Book 8, part 2. The Rites of Love (2006)
Should we seek out our ‘other half’?
‘My other half’ — ‘my soulmate’ — it’s a popular expression. Let’s see what it means, exactly I think many people will accept the following definition: a man or a woman close to you in spirit and their views on life, a pleasant communicator, someone you feel attracted to (including their appearance), someone capable of inspiring you to love.
Should we seek out our soulmate, or let our ‘other half’ be found all on its own, through the will of destiny?
As many centuries of mankind’s experience has shown, a determined search is essential. This is attested in multitudes of stories in which stout-hearted young men have set off on long quests in search of their intended.
There are a number of ancient rites which can aid this most important search of one’s life.
There are ancient rites, too, which can help determine whether one has made the right choice. What if that ‘other half’ has come to you straight from the devil himself?
Some of these rites I have already described in my previous books. I did not touch upon well-known rituals, but mostly introduced rites that are not commonly known and have not
been encountered heretofore. The present book focuses on the wedding rite and, at the same time, the rite for determining whether one has made the right choice of partner, which I shall go over again in a different context.
“Then get on with it — show us these miraculous rites,” some of my readers may be thinking. “Why bother with all these expositions?” But the expositions are absolutely essential! We need a vision of our reality today, otherwise we shall not understand the tremendous signification of the wisdom of the people. Everything in the world is relative and, hence, comparisons are crucial.
So let’s now take a look and see which life situations in today’s world can facilitate a meeting and which may just get in the way.
Strange as it may seem, in our present so-called ‘information age’, situations favouring a meeting of two ‘halves’ are getting harder and harder to find.
People living in large, densely populated megacities are virtually cut off from each other by invisible barriers. Someone living in a modern multi-storeyed apartment block is often unacquainted with his next-door neighbour.1 Passengers on public transport, even those standing jam-packed shoulder- to-shoulder in the aisles, are all absorbed in their own individual problems. Pedestrians walking along the same street have no reason to communicate with each other.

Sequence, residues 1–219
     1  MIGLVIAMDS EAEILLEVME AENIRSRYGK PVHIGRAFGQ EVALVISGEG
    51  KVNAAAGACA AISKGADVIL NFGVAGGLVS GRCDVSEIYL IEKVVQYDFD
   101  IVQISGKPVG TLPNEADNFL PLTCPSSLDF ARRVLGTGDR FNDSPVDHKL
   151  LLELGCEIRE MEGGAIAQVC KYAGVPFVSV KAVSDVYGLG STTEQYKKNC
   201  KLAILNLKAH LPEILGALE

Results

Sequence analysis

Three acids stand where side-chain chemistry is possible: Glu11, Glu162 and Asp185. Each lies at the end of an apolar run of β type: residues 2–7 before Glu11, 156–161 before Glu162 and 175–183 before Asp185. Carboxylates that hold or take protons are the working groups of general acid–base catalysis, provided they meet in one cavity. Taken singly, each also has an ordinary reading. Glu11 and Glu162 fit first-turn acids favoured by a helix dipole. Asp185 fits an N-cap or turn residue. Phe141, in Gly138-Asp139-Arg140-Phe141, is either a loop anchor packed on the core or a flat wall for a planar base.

And in America, for example, you can’t even look closely at a woman without being suspected of sexual harassment.
And so, just sitting in your flat or travelling to work or studies, there’s practically no opportunity to find your soulmate.
Let’s say your work involves contact with a lot of different people. Let’s say you’re sitting at a cash register in a large
Tor a description of what this means in Russian apartment blocks, see footnote i in Book 8, Chapter 13: Anew civilisation”.
supermarket. But none of the customers passing by you every day thinks of striking up an acquaintance with you. It’s more likely they see you merely as an adjunct to the cash register.
A college or university where a whole lot of young people congregate, though it indeed offers opportunities for conversation and coupling, is not a place for general selection of one’s soulmate, since an educational institution is designed with a completely different function in mind.
Today the most acceptable locales for meeting people are generally bars, restaurants, discotheques and resorts. But en-counters here, even those which end in marriages, do not, as a rule, result in a happy life in love and harmony According to statistics, ninety percent of such marriages end in divorce.
The principal cause lies in a false image. And what might that be? Well, here’s an example.